What does it mean to be tidbit fishing? Last week I talked about this on Instagram, but my videos kept getting cut off. Please bear with me while I get used to posting videos on social media.

Tidbit fishing is when you stop the writing or recording process to make time to research extra details. When one is writing family stories or memoir sometimes we need to look for another detail, more information, facts, artifacts or any information that can help bring our stories to life.

We’re looking for tidbits of information. Fresh details. Another angle. Ideas. Perspectives. Something to nibble on the line that gets us excited to keep telling the story. When you find or remember additional details it grabs hold of new excitement in your storytelling. You’re as excited as any seasoned fisherman who realizes something big is hooked. The reader can feel what you’re trying to say. They can picture themselves there.

It takes your writing beyond the facts.

What does tidbit fishing look like? It looks like

  • A marriage certificate from 1915 you find on Ancestry that illustrates a great aunt’s marriage in Pennsylvania, rather than New York. Now you know the date, time, and courthouse. You can probably determine how she traveled to her next destination. You’ll see who the witnesses were to determine if family was there.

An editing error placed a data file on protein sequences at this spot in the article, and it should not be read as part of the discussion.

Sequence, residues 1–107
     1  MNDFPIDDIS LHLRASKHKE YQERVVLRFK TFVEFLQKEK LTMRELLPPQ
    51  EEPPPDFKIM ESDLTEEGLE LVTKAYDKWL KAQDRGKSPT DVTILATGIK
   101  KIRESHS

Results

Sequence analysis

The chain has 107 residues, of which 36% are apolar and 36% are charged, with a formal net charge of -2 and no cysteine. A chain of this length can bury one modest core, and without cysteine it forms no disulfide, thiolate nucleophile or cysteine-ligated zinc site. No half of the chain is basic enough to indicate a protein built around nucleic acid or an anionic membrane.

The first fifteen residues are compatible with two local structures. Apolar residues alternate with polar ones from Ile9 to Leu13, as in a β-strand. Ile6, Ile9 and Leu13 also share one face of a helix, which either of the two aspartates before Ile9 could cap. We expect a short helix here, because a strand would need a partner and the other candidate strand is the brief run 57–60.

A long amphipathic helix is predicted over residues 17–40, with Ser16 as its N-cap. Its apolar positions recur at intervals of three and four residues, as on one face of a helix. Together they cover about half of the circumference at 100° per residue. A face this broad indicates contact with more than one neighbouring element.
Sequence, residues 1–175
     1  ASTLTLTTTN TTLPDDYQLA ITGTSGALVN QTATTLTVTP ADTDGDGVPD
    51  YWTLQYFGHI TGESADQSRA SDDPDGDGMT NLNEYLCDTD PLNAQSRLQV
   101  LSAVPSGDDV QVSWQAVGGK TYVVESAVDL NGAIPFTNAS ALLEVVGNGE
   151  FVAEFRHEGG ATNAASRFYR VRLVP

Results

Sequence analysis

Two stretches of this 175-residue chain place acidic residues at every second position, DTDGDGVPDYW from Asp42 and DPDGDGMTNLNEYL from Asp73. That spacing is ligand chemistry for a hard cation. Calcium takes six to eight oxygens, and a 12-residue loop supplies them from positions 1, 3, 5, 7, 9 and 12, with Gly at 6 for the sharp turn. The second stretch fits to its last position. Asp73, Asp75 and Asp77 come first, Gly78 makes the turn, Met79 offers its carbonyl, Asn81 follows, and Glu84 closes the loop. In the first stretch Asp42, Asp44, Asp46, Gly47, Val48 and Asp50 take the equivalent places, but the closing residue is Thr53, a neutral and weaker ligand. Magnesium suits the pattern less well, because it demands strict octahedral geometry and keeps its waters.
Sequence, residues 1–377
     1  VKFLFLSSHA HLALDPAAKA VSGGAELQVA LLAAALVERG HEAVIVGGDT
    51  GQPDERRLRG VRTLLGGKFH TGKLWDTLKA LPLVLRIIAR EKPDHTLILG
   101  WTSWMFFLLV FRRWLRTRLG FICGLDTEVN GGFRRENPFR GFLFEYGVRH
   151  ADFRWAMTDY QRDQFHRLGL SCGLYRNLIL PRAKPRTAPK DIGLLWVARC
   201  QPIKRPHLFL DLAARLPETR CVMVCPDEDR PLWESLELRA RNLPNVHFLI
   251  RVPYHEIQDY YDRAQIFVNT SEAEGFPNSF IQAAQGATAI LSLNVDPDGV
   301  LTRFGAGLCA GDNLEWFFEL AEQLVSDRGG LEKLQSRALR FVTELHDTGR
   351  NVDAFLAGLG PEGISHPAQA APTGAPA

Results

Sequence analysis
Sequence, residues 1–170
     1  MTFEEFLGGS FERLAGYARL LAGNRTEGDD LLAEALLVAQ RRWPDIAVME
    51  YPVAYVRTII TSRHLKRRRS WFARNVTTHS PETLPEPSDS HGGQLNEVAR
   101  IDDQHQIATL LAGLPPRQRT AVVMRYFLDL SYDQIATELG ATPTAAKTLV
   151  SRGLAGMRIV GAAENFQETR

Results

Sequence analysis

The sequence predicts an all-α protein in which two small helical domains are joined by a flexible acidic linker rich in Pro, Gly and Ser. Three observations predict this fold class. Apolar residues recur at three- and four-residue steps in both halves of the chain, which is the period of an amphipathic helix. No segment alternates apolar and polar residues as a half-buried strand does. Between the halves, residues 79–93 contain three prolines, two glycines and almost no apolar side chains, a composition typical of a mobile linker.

• A military metal that recognizes your participation in a critical battle.
  • A P-38 that you wore the entire time in service and only found recently buried in your rusty tool box, because you still used it gardening.
  • A silk scarf you sent home to you mother that you just found.
  • A drive around the old neighborhood to relive the walk you took to school.
  • A trinket from your home that probably means nothing to anyone else but to you could explain an entire story. An heirloom, essentially.
  • Equipment used, places you traveled, habits you had, things you got into, hobbies.
  • Lists of expressions, songs, verbal tics, and so on.
  • Another story remembered.
  • A feeling, scent, taste, emotion, look or sound; the emotions in a story.

This process is a reunion of memory. It forces you to go into the attic and research for details. Sometimes this happens quickly and other times you’ll let it swirl around in your head until it wakes at night. A memory or idea will pop into your head. Write it down quickly. This is why I always keep a notebook by my bed. 

Your ultimate goal is to put readers in your place. Details make the difference. So, go fishing for those tidbits. When you get a nibble, add it to your story.